Some areas of this article have improved, others have been (inexplicably?) lengthened and seem to be little more than incoherent collections of random trivial facts in no particular order. This is supposed to be an encyclopedia article. The tone should be informative and neutral, the sections should be concise and mention of specific manufacturers (and innumerable special cases) should be kept to a minimum, IMO. Every Mfg touts their technology as superior, but this is marketing - not something this article should get into. I have attempted to edit the beginning of the article with this philosophy. I believe it is much tighter, but it could still use more work, hopefully the other frequent editors will agree. I fear to spend a lot of time on something that may just be reverted...--Ron E 04:03, 25 June 2007 (UTC)

I have made many changes - hopefully the article is better as a result. Perhaps the only thing I have significant issues with is the directivity section - there is too much mention of manufacturers and the section strays too far from the point.--Ron E 19:14, 9 July 2007 (UTC)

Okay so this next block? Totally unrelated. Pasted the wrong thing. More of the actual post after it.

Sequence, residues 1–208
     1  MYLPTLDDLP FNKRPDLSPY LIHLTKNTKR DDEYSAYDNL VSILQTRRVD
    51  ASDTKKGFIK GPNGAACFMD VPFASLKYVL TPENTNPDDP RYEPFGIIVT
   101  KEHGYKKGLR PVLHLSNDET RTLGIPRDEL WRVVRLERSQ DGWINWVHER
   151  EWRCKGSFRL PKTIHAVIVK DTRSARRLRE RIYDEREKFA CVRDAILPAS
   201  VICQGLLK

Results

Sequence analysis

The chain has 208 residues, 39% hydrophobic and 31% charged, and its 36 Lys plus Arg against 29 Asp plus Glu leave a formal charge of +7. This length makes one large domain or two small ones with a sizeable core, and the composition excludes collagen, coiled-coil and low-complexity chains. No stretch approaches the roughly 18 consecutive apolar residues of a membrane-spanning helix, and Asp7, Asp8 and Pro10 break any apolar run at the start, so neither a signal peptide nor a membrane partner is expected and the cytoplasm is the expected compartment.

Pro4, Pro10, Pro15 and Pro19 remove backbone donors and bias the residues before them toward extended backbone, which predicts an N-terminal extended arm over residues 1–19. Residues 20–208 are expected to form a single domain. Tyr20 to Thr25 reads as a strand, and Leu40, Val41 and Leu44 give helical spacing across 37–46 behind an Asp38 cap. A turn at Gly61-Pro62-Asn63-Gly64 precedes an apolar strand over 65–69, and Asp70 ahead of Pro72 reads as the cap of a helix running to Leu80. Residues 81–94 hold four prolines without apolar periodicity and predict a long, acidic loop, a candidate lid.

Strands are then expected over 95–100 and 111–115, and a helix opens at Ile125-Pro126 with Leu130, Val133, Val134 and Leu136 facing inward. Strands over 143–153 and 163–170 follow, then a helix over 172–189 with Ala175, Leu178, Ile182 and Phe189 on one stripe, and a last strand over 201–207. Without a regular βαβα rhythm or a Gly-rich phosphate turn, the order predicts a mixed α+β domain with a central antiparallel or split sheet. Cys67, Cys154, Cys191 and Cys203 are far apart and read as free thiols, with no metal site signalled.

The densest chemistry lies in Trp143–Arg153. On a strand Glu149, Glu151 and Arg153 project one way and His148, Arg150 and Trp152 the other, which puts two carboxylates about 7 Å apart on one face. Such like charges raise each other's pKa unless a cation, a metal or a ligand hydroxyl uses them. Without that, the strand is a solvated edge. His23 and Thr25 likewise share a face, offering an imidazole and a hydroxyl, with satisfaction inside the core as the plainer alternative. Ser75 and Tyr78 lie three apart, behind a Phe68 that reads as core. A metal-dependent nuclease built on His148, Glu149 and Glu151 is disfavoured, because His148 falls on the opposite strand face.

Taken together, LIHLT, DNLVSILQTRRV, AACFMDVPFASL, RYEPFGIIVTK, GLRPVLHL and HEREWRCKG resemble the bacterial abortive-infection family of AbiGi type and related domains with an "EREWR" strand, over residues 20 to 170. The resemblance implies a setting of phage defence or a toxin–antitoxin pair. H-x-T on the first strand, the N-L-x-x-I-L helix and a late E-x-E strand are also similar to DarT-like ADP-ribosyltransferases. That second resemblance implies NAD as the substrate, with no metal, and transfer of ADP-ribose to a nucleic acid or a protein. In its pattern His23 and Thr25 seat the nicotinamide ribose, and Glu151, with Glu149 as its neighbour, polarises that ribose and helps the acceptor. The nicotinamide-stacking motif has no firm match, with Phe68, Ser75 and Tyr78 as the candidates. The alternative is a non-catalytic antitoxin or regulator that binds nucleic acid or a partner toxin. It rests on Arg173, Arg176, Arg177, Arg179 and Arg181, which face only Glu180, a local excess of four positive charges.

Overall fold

Calling all gurus

Hi. I am no "speaker-head" (Well, maybe I am a "talking head") but it seemed to me that we had two articles on the same subject of plasma speakers so I suggested a merge. Would you'all please help? Thanks. --Justanother 15:20, 26 June 2007 (UTC)

This article, if mentioning plasma speakers (and it should in my view), not be the only coverage. The drivers are interesting, complex, and deserve their own article. Here we mention them as an example (albeit exotic) of yet another driver design. So on that grounds I oppose the merge here suggested. parsimony is good, but too much is over simplification. ww 04:35, 27 June 2007 (UTC)
Hi. You misunderstand my point, I think. There are two articles on plasma speakers; Plasma speaker amd Plasma arc loudspeaker. I suggested they be merged and I was looking for some help by knowlegable people like yourself. I am an engineer and I can do a passable job of merging them but it is not really a subject I know anything about. --Justanother 11:38, 27 June 2007 (UTC)
Hi. In technical refrences concerning loudspeakers, both are used. I think the two entries essentially mention the same type. So I agree with the merge. If you have more support, you can do it. --User:Dale Zhong 14:58, 6 July 2007 (GMT+0800)

Big chunk removed from directivity section